Tuesday, February 16, 2010

The Bottom Line

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This past weekend, I met with a business partner to brainstorm about a writers’ conference we are putting together for this summer. A few weeks ago, he had asked me to partner with him. This past weekend we met, and he told me his objective for the upcoming conference. The bottom line, “Butts in seats.” He kept repeating it.

Every time I came up with an idea, he shot it down. We didn’t have time to set up our own social networking site. He wanted to know what people were saying, but he didn’t have the time to answer a plethora of questions. That’s what FAQ pages are for.

Finally, he told me that entrepreneurial type people like us tend to be creative, but he needed to focus on the bottom line. “Butts in seats.” After about an hour of brain storming, I came up with a great idea. It worked. Simply, offer a four week e-course on social networking at no cost.

At the end of the four week e-course, instead of telling people they could pay a certain amount for the other 12 weeks of the e-course, we would let them know they could learn more at our writers conference.

So, what’s my point? If you want a great idea, it’s good to focus on your bottom line. It’s better to surround yourself with people who will hold you accountable and shoot down those ideas that don’t focus on the bottom line.

Until next week,

Erick

Seo Bridges

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Tuesday, February 9, 2010

It's Game Time

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When I was in high school, the guys on our basketball team wore t-shirts that read:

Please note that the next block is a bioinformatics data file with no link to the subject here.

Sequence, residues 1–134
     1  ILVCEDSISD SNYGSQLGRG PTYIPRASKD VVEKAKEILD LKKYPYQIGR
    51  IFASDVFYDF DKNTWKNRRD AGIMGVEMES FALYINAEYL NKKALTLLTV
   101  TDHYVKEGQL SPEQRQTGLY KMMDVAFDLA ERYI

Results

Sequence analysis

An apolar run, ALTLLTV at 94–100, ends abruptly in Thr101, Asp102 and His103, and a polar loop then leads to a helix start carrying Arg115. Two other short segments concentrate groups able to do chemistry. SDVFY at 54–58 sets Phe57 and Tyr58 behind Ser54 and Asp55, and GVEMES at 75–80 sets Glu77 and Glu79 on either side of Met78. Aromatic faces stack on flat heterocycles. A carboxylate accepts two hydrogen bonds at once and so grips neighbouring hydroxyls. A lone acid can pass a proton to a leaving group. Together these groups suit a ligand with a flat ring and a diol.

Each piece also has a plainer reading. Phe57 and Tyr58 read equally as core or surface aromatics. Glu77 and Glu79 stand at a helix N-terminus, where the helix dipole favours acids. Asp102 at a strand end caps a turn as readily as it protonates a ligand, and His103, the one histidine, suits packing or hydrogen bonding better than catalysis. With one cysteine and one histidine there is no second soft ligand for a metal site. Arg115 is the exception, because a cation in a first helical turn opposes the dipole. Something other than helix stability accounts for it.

“You can walk the walk. And you can talk the talk. But can you play the game?”

Peyton Manning can walk and talk as big as any of them. This last Sunday, Drew Brees showed that he and the New Orleans Saints may not have been able to boast about as many accolades as the Indianapolis Colts; though, when it came to game time, they could play the game better than the Colts.

In sports, it’s important to brush it off and get back up. For 16 weeks, and then some, if a play went wrong, or they lost a game, the Saints did just that. They brushed themselves off, got back up, planned ahead, and played the game. Brees and the Saints had one goal, and they kept their eyes on that goal.

In much the same way, the Internet is my playing field, I am Drew Brees, and I know exactly who my Peyton Mannings (competitors) are. My days are getting busier. Just last week, I gained some link partners. In preparation for my upcoming busyness, I am looking and planning ahead. If I don’t prepare for game time, I am going to get blind sided.